- Consumer debt has increased from $1.5 trillion in 2000 to $2.4 trillion today.
- The U.S. has spent $1 trillion since 2003 on wars of choice in Iraq and Afghanistan.
- Annual defense spending has risen from $359 billion in 2000 to $896 billion in 2010.
- Unfunded liabilities for Social Security, Medicare, and Medicaid total $106 trillion.
- There are 7 million less Americans employed today than there were in 2007.
- In 2008, Wall Street lost $42.6 billion and required middle class taxpayers to bail them out. Total compensation on Wall Street in 2009 totaled $55 billion, three times the previous high.
Michael Lewis was befuddled that his tale of greed, hubris and recklessness, written in 1987, did not deter college graduates from heading to Wall Street. It took two more decades, but the Wall Street money culture is in the process of being discredited. Americans are slowly coming to the realization that unbridled greed is not the same as capitalism. Excessively low interest rates punish savers and senior citizens, while benefitting borrowers, risk takers and Wall Street. Savings leads to investment, while borrowing leads to impoverishment. The actions taken thus far by politicians, government bureaucrats, and the Federal Reserve are the exact opposite of what was required. The next leg down in this Greater Depression will thoroughly discredit those who have promoted a money culture over those virtues that will benefit society in the long run. The current Crisis will require personal sacrifice, renewed community spirit, public consensus, and truth. Failure could prove fatal for our nation. The best of human nature must win out over greed, ignorance, and love of power. Our future hangs in the balance.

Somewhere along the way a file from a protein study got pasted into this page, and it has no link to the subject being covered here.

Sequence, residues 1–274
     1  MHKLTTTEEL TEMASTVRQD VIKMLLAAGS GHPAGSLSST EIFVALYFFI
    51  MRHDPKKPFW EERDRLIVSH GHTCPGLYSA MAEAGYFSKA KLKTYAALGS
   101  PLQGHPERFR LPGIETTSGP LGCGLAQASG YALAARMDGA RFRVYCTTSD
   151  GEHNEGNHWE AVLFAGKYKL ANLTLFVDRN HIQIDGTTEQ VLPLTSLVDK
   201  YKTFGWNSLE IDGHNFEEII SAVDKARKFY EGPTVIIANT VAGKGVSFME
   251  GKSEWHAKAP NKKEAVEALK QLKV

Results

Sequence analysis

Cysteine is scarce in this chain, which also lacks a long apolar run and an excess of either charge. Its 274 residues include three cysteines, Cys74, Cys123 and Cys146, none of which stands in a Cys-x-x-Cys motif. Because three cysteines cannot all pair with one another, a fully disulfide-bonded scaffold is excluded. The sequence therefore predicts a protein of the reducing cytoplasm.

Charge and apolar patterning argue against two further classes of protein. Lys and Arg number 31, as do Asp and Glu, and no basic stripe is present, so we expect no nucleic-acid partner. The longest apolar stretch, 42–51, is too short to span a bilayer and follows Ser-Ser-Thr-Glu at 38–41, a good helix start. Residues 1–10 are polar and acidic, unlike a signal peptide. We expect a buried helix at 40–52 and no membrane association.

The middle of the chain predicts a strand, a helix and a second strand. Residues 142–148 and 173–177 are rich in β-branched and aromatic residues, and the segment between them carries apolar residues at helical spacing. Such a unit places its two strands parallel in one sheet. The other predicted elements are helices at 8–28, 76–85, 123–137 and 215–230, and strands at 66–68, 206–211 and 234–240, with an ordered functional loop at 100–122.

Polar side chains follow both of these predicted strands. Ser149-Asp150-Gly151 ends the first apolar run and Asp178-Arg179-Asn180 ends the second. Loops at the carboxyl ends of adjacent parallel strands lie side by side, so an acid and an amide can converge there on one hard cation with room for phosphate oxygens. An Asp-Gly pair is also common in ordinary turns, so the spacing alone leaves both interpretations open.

“It has always seemed strange to me… the things we admire in men, kindness and generosity, openness, honesty, understanding and feeling, are the concomitants of failure in our system. And those traits we detest, sharpness, greed, acquisitiveness, meanness, egotism and self-interest, are the traits of success. And while men admire the quality of the first they love the produce of the second.” – John Steinbeck
Disclosure: No Positions